Off the back of being awarded part of a lucrative shared cloud service provider contract by the Pentagon, Oracle posted an earnings and revenue beat in its Q2 FY2023 results. Oracle's share price gained 2.9% in after-hours trading following the results.
- Oracle exceeds revenue and earnings expectations
- The company was recently awarded part of a $9bn shared Pentagon contract
- The iShares Expanded Tech-Software Sector ETF, which holds Oracle, is down 35% year-to-date
Oracle [ORCL] shareholders received good news before this week's second-quarter earnings release for the fiscal year 2023, with the Pentagon naming Oracle as one of four providers to share a $9bn cloud computing contract.
Amazon [AMZN], Google [GOOGL] and Microsoft [MSFT] will share the Joint Warfighting Cloud Capability (JWCC) contract through 2028. JWCC's predecessor, the Joint Enterprise Defense Infrastructure (JEDI) contract, was initially awarded to Microsoft alone in 2019, but a protracted legal battle then ensued as Oracle and Amazon challenged the decision. Oracle argued that three Department of Defence officials had a conflict of interest with Amazon, which corrupted the process.
Three years later, the Pentagon decided to split the contract between the four companies.
Oracle's share price gained 1.64% on December 8, the day after the news broke. In a year full of struggle for big tech stocks, Oracle is holding up relatively well, falling just 5.2% in 2022 to December 12. The Nasdaq dropped 28.8% over the same period by comparison.
Oracle beats expectations in earnings announcement
Oracle is seen as a winner among companies awarded the contract, given its relatively small standing in the cloud space. Oracle's cloud infrastructure revenue was $900m in the preceding quarter, for example, compared to AWS's $20.5bn.
Ahead of Oracle's second-quarter earnings release, analysts polled by the Financial Times expected Oracle to post revenue of $12.05bn and EPS of $1.18. Oracle beat expectations on both fronts with non-GAAP EPS of $1.21 and total quarterly revenue of $12.28bn announced after markets closed on December 12.
The results marked a 25% year-over-year increase in constant currency revenue, with total cloud revenue increasing by 48%. The strength of the US dollar significantly impacted the results, without which the report suggests, "Oracle's reported Q2 non-GAAP earnings per share would have been 9 cents higher."
Investors may be disheartened, however, by Oracle CEO Safra Catz's statements on guidance in the earnings call. For Q3, Catz expects earnings between $1.17 to $1.21; analysts polled by Refinitiv were expecting Q3 earnings of $1.24. Catz anticipates 17%–19% year-on-year revenue growth, the mid-point of which would beat analyst expectations of $12.34bn.
Taking healthcare to the cloud
Much of Oracle's sales growth was driven by its acquisition of the digital health records unit Cerner, which it completed in June. Cerner generated $1.5bn in revenue this quarter, and Oracle chairman and CTO Larry Ellison highlighted the contribution. "Since the acquisition, Cerner has contributed to Oracle's growth — and Oracle has helped Cerner improve its technology," he said in the earnings release.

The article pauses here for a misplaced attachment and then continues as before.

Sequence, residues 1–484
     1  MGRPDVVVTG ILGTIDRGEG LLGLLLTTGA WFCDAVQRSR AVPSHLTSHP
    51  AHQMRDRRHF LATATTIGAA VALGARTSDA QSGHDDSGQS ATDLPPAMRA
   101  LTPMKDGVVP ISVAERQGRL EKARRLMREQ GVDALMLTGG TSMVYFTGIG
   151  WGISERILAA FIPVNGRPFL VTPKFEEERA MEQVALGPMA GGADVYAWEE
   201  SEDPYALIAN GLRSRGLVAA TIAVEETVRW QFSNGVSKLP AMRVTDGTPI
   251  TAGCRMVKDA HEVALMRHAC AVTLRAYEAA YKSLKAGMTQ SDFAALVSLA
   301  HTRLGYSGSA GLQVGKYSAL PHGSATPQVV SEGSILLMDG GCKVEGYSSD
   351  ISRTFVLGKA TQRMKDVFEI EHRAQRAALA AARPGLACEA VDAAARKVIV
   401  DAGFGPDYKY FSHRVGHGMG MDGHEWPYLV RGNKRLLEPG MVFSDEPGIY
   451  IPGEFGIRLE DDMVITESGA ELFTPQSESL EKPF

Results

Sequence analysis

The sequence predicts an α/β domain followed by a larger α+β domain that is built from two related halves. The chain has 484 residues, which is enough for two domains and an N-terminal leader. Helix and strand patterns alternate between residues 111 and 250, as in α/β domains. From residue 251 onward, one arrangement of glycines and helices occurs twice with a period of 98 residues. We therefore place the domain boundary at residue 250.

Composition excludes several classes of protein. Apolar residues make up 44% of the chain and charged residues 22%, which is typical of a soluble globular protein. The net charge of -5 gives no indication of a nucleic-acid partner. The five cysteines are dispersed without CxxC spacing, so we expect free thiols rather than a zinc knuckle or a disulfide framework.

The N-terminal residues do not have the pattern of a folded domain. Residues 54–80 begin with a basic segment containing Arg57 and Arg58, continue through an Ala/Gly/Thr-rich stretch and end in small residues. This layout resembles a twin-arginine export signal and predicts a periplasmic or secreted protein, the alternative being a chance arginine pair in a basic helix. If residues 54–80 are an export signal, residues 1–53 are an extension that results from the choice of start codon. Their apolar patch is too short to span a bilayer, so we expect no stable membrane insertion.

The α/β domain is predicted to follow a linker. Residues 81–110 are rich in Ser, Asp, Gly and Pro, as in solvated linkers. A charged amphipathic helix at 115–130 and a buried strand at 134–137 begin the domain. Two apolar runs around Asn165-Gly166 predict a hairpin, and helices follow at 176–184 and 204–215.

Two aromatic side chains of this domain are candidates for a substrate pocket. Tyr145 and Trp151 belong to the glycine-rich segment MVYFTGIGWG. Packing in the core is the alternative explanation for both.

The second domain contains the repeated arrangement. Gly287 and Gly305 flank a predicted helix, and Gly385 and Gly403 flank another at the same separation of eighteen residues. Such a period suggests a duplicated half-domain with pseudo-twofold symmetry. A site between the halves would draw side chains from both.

While Oracle attempts to make further inroads into the healthcare market, the potential growth of its cloud business is likely to be a focus, especially with the positive news about the JWCC contract. Catz told the earnings to call that most of Oracle's $2.4bn capital expenditure during the quarter was on new data centres to meet rising cloud demand.
The cloud computing market, globally, is set to be worth $1.55trn by 2030, according to an October report by Grand View Research. The report forecasts a compound annual growth rate (CAGR) of 15.7% between 2022 and 2030. Infrastructure as a Service (IaaS) is tipped to be the fastest-growing segment within the cloud market during this period; Oracle's IaaS revenues grew 48% in constant currency this quarter.
Funds in focus: iShares Expanded Tech-Software Sector ETF
The iShares Expanded Tech-Software Sector ETF [IGV] comprises Oracle at 7.35% of assets under management (AUM) as of December 12, making it the fund's fourth-largest holding. Microsoft is the largest at 9.04% AUM. IGV has fallen 33.2% in the year to December 12, reflecting the challenging year that software companies have faced.
Alternatively, investors interested in tapping into Oracle's position in a growing cloud market could select the Direxion Daily Cloud Computing Bull 2X Shares ETF [CLDL], which seeks to provide 200% of the daily returns of the Indxx USA Cloud Computing Index. Oracle is the largest individual stock held by the fund at 5.65% as of December 13. The fund has fallen 69.7% year-to-date due to big tech's woes.
Following earnings, Oracle's shares gained 2.9% in after-hours trading. Analysts polled by the Financial Times yield a median 12-month price forecast of $88.50 for Oracle, implying an 8.9% upside for the stock over the next year.
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